How To Decorate Flower Pots With Fabric
Give your old clay pots new life with a coat of Mod Podge and fabric! It's the perfect way to use up scrap fabric and add a splash of color to your home for spring!
Spring is finally here and I'm so excited to start planting some pretty flowers! When I couldn't find any pretty planters at the store I decided to take matters into my own hands! The result was this beautiful fabric-covered clay pots. I just adore this bright and cheerful fabric from Riley Blake Designs fabric line Berkshire and it complemented my flowers perfectly. This project is incredibly easy and doesn't even require a sewing machine.
To begin, draw a line on the top and bottom of the clay pot. This line will help you to measure the right amount of fabric.
Lay the pot on top of the fabric and trace the top outline as you roll it 360 degrees. You can add a bit more to the end so you will be able to overlap the edges of the fabric.
Now, put the pot back where you started and lower it 3 inches and repeat the same process of drawing a line as you slowly roll the pot. The extra 3 inches will allow you to cover part of the top and bottom of the pot.
Cut out the pattern and don't worry if it's a little wonky. It doesn't need to be perfect!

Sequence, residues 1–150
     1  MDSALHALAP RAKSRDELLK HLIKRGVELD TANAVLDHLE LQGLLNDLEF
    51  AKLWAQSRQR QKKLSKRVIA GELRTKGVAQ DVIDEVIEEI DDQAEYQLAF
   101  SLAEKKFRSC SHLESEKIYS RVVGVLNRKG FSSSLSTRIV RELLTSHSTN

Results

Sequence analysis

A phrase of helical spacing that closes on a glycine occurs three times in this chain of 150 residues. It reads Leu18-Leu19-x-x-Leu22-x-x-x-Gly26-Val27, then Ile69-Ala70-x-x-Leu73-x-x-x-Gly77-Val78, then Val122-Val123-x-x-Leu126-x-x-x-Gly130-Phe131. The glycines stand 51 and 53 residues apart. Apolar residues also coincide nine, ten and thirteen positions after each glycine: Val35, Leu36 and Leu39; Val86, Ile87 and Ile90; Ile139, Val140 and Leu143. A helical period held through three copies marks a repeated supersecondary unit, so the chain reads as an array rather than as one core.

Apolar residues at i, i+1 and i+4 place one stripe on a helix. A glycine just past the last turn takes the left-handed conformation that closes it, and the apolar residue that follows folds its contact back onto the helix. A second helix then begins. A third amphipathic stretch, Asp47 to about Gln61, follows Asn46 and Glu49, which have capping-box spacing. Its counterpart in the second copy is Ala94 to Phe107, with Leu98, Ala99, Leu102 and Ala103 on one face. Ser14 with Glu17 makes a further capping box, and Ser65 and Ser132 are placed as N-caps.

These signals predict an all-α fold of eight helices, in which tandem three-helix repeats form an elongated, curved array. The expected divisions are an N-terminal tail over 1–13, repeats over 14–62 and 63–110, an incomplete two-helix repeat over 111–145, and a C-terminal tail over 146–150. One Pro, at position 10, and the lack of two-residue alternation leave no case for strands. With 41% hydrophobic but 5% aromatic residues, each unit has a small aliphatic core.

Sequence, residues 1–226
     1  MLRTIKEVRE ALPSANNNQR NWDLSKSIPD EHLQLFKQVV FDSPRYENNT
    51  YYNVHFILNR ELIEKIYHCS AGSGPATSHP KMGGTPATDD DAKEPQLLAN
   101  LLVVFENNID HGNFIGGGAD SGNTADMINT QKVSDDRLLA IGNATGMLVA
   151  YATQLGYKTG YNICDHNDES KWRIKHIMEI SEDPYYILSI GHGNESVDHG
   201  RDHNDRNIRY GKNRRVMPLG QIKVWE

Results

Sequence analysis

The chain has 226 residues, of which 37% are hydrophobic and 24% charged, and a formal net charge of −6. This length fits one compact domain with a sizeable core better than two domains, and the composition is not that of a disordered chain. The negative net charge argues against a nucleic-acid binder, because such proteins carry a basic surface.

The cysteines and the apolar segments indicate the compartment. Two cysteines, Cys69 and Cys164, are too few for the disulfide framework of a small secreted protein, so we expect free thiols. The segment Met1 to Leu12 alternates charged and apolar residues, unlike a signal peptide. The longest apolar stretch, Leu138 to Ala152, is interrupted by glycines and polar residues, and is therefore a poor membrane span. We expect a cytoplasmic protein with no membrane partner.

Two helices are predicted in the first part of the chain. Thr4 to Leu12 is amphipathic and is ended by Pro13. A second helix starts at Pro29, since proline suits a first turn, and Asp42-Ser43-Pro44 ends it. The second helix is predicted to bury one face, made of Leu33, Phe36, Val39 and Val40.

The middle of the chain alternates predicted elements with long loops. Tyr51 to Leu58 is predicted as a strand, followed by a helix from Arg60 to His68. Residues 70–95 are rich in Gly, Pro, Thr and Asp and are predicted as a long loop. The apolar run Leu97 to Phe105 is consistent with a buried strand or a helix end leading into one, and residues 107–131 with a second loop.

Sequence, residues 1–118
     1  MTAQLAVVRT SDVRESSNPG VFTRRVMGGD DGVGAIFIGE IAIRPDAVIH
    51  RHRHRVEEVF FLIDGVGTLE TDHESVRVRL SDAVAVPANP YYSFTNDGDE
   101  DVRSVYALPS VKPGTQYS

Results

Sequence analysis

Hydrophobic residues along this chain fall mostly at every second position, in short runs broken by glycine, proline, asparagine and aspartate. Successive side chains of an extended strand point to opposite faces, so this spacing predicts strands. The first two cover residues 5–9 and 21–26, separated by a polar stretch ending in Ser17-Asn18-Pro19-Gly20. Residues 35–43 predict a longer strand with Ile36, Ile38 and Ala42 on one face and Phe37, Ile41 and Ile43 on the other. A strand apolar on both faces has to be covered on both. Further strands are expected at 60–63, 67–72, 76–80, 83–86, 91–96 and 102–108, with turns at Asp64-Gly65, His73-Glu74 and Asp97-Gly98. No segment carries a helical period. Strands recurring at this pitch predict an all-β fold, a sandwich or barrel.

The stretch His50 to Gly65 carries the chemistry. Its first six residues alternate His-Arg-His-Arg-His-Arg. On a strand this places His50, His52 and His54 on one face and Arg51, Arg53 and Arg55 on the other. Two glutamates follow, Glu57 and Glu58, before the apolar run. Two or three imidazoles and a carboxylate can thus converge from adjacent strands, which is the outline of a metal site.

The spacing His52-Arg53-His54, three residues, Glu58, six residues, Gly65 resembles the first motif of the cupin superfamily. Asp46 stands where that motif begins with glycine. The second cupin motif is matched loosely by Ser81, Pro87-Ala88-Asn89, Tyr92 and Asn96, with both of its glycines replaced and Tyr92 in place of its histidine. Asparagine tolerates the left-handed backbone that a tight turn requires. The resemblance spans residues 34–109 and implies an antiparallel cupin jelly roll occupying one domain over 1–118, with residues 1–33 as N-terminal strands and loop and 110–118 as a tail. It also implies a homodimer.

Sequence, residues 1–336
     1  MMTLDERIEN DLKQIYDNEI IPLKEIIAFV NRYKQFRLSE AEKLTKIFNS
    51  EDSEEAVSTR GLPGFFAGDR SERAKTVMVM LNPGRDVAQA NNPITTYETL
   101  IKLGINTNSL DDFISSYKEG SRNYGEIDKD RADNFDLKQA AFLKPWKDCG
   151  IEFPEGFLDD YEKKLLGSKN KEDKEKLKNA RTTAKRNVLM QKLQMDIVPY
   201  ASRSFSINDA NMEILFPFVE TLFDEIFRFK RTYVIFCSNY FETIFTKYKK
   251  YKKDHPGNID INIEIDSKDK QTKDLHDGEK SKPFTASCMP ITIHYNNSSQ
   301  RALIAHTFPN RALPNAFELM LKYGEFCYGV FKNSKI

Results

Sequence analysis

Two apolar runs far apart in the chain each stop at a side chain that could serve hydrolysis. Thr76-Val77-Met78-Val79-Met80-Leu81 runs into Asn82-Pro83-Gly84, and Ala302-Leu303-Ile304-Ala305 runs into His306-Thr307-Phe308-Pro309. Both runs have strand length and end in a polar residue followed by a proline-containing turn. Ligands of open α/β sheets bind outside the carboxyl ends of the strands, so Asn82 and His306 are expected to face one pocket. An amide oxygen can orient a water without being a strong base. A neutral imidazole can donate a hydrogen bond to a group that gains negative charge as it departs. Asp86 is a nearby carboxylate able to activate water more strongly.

Apply Mod Podge to the front half of the pot.
Center the pot on top of the fabric. Pull the fabric around the pot tightly. Add more Mod Podge to either side until you've covered the entire pot. Be sure to pull the fabric around the pot tightly.
Cover the 1.5 inches of the inside edge of the pot with Mod Podge and pull the end of the fabric over the edge of the pot.
Cover the bottom of the pot as well leaving a small opening for the water to drain from the hole.
Cover the outside of the pot with Mod Podge and let dry.
Once the Mod Podge has dried completely and is no longer cloudy, transfer the plant into the pot. Don't forget to break up the roots a bit when you are potting the plant.
Doesn't it look so pretty? A set of these cute fabric flower pots would be perfect for a Mother's Day gift!
Watch the step-by-step video below!
If you love easy, no-sew projects make sure to check these ones out as well!
Do you need to seal the inside of the pot first? These terra cotta pots are absorbent and I would be afraid the absorbed moisture would cause the fabric to deteriorate.
Denese B. Harvley says
I’m wondering the same thing.
Kimberly Coffin says
I didn't have any problems with mine, but it wouldn't hurt to seal them first!
What type of sealer would you use?
I love this project, Thank you so much.
Kimberly Coffin says
You're welcome! I'm so glad to hear that.